Q: I recently lost my Web server to a Windows NT blue screen, and I didn't have a backup. The server, which was running SQL Server 7.0, has a RAID controller that NT doesn't natively detect, and if I use the manufacturer's automated installation process, the system will reformat the primary disk and I'll lose any chance of recovering the database. I'm considering installing Windows 2000, which has native drivers for the RAID controller. Can I then rename the old SQL Server directories, install SQL Server into the default directory, and name the old directories back to the default install name?

A: This workaround rescued me from disaster a few times when I was running SQL Server 6.5. Unfortunately, the process won't work in SQL Server 7.0. SQL Server 7.0 contains a few stored procedures that can address your problem, but you need to perform a few preparatory tasks.

First, go ahead and get either Win2K or NT 4.0 running on the server again without reformatting the disks. Second, rename your old SQL Server directories and reinstall SQL Server. Next, copy your old .mdf and .ldf files from your database to the SQL Server data directory. You can manually type this query in ISQL/w, but an easier way to accomplish this task is to bring up SQL Server Books Online and perform a search for SP_attach_db. When you search the body of the stored procedure description, you'll see the following sample script:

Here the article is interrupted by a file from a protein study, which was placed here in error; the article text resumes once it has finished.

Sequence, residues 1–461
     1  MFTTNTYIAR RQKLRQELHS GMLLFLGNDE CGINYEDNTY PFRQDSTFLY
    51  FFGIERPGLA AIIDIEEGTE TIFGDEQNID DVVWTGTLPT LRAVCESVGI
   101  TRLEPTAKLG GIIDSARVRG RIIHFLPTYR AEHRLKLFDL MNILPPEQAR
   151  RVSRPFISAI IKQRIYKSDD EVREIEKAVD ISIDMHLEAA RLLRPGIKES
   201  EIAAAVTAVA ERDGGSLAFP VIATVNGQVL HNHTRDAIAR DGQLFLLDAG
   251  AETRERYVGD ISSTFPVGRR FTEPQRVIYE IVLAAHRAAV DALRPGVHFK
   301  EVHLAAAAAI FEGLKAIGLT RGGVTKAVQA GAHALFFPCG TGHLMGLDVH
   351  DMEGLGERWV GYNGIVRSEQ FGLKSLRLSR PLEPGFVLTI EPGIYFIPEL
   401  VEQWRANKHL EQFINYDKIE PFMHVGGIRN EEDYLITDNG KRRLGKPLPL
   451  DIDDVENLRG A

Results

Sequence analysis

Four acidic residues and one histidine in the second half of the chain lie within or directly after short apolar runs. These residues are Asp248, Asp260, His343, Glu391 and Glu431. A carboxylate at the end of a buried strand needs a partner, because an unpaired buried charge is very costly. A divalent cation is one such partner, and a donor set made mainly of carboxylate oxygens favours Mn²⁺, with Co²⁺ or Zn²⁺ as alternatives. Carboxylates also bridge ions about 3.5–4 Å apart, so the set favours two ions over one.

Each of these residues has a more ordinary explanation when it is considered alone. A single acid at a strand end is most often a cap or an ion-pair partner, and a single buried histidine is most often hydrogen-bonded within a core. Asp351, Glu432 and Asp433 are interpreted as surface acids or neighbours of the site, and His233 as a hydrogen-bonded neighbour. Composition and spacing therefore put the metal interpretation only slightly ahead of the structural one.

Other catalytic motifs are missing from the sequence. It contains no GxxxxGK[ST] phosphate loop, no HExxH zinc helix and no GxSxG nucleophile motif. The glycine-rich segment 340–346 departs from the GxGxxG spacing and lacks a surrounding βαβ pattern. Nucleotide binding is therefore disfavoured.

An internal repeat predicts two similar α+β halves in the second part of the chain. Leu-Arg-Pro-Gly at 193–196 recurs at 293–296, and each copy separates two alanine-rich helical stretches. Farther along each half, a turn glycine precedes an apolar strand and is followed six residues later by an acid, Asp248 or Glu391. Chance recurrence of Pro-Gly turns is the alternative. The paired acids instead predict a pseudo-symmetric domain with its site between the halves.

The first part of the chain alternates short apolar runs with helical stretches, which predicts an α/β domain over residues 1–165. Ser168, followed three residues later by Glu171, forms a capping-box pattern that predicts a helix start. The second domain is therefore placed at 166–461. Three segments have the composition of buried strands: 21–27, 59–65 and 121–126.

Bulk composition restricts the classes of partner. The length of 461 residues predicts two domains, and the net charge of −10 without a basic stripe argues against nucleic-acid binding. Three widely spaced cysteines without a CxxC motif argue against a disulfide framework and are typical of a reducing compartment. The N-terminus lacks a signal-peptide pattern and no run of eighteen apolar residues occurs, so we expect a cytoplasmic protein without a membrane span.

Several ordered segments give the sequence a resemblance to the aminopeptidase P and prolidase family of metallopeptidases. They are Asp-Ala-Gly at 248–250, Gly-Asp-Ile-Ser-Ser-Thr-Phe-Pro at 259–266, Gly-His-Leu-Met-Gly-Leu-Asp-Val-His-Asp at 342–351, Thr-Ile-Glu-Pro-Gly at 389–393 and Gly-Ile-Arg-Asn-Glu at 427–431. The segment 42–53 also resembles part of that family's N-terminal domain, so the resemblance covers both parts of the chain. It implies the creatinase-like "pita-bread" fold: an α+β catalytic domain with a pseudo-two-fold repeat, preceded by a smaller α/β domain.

exec sp_attach 'pubs',
 'C:\mssql7\data\pubs.mdf',
 'C:\mssql7\data\pubs_log.ldf'

Take the sample script and substitute the listed "pubs" database with your old database name. Also, change the file path names to the renamed SQL Server directories that you created. Now, run the query. Your database should be live again. For this workaround to work properly, you need to keep the database names consistent. To get your Web server running again, you might need to recreate the database's Data Source Name (DSN).

Bob Chronister is a contributing editor for Windows 2000 Magazine and president of Chronister Consultants in Mobile, Alabama. He is coauthor of Windows NT Backup and Recovery (Osborne/McGraw-Hill). You can reach him at bob@win2000mag.com.

The above article is courtesy of Windows 2000 Magazine. Click here to subscribe to Windows 2000 Magazine.